And here's one Picasso did earlier ...

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The Independent Online

An unknown Picasso masterpiece hidden beneath one of the Spanish painter's early works has been uncovered for the first time in 104 years.

An unknown Picasso masterpiece hidden beneath one of the Spanish painter's early works has been uncovered for the first time in 104 years.

A pioneering technique using X-rays and photo-manipulation has revealed a sexy, sleazy nightclub scene concealed beneath the sombre landscape of the artist's La Rue de Montmartre.

The hidden work - painted when the 19-year-old Spaniard was on his first trip to Paris - is a stunning precursor to his first Parisian masterpiece, Le Moulin de la Galette. The three were executed on a frenetic two-month visit to Paris from October to December 1900, when the young Picasso became fascinated by the city, and seized the opportunity to assert himself as equal to Parisian masters.

"There are two paintings, but three are visible. The discovery is a dream come true for any curator of modern art," William Shank, the American curator who discovered the work, told The Independent yesterday. "It's one of the best Picassos of this crucial early period, and much more interesting than the one that covered it up."

Mr Shank was speaking from Bilbao, where the works are on show at the Guggenheim Museum.

Close scrutiny of La Rue de Montmartre with X-rays and infrared light showed cracks that revealed flashes of bright colour and busy brushwork quite at odds with the sombre wintry scene depicted. The two paintings could not be more different: La Rue de Montmartre, owned by the San Francisco Museum of Modern Art, where Mr Shank was chief conservator, is a quiet view of a Paris hillside on a wintry afternoon. Below is a vibrant view of a crowded cancan club, including a grotesque and lascivious figure from Spanish traditional folklore of a "Celestina" - a procuress.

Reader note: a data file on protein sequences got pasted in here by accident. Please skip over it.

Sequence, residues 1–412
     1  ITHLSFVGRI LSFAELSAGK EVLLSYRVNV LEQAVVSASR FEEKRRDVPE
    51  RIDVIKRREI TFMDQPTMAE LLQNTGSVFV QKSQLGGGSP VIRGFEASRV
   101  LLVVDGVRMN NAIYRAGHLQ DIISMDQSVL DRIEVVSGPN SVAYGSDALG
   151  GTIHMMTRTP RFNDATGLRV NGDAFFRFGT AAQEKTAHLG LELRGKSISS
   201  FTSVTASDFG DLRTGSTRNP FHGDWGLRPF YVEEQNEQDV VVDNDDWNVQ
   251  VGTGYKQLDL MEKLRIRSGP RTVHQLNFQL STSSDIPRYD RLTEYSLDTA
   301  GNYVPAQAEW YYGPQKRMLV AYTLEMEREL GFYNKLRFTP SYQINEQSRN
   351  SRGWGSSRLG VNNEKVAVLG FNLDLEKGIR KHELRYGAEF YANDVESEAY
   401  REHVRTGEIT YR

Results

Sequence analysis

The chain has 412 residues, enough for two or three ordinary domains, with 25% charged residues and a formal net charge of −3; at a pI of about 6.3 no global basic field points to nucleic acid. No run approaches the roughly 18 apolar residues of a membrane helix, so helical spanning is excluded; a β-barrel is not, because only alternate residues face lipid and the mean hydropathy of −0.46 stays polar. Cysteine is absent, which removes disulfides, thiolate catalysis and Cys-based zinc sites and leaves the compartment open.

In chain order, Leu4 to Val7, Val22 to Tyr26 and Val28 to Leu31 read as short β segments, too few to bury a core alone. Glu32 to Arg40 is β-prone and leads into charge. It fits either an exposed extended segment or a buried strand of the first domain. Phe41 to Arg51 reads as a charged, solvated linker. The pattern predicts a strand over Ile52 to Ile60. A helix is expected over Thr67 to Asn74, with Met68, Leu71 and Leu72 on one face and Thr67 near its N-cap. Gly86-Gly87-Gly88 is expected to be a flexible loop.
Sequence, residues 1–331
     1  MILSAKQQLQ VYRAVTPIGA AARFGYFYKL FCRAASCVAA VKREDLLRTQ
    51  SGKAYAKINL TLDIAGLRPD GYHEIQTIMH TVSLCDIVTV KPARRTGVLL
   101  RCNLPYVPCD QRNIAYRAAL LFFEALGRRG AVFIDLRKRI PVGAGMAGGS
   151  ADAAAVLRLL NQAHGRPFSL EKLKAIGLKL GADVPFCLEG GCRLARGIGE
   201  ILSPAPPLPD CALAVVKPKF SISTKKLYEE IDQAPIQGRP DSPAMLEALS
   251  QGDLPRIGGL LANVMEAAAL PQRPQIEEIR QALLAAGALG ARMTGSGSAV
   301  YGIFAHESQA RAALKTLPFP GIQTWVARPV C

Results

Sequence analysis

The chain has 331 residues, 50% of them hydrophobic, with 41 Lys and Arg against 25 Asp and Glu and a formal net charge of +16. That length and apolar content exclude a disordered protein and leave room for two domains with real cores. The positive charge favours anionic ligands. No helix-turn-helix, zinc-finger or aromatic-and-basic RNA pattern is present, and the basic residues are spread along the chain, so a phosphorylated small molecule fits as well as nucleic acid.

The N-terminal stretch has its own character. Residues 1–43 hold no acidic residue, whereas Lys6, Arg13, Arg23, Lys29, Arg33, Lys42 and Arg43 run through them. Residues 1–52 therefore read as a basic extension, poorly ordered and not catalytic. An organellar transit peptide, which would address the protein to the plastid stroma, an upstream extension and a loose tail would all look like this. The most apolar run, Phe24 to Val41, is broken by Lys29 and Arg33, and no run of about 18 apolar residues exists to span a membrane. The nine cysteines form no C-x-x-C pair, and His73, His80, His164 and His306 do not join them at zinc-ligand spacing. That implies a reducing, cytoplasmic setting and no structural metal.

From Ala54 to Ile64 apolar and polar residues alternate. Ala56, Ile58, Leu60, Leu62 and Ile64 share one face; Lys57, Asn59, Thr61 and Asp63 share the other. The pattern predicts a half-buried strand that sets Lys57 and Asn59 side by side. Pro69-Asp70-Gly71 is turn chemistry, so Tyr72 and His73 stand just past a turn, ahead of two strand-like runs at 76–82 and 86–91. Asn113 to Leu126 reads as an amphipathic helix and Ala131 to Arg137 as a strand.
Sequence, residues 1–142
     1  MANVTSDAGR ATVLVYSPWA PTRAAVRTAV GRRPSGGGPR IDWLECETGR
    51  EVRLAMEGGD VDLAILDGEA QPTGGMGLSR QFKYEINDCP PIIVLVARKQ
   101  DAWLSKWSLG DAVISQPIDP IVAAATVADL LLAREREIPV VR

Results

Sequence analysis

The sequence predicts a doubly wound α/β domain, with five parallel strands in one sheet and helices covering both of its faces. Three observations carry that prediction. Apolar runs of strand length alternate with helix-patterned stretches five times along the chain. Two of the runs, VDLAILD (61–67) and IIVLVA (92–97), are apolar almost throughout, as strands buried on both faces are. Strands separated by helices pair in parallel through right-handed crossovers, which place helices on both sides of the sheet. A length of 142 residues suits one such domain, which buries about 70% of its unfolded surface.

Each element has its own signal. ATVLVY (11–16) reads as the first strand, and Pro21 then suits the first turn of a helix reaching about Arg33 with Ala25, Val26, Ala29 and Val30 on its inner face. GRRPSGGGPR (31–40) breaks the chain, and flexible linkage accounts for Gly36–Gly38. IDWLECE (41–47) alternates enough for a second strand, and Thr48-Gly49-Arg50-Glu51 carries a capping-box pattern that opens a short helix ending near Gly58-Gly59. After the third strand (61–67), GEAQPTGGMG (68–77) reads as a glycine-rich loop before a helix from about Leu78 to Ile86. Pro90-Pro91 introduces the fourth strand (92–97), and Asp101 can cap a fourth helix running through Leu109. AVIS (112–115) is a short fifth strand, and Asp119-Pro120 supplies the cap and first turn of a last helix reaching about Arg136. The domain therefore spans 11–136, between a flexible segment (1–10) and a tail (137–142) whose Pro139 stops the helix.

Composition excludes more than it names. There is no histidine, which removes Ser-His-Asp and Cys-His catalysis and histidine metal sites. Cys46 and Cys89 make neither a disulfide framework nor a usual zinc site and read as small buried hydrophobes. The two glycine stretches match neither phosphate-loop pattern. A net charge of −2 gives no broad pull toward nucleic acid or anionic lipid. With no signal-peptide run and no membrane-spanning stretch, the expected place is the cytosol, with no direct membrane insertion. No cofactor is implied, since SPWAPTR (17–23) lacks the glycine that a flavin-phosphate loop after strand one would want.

"I imagine this young artist in Paris for the first time, perhaps in a damp garret that made his paintings take a while to dry, flexing his muscles as a top-flight artist. He tackled well-known scenes immortalised by Renoir and other Parisian masters, saying, 'Here I am'. He saw himself as their equal," Mr Shank said.

Why did Picasso cover up such a magnificent work with something so dramatically different? "My theory is that he liked the scene very much, but realised it was too small. I think he decided to develop the scene of the nightclub audience into something bigger and more detailed, and that of the cancan dancers into another work," said Mr Shank. "It's sexy, sinister, with women nuzzling each other. It shows the genius to come."

Indications of an under-painting were glimpsed when La Rue de Montmartre was restored in 1958. But in 1997, Ann Hoenigswald, a conservator at the National Gallery of Art in Washington DC, announced that a complete painting lay beneath.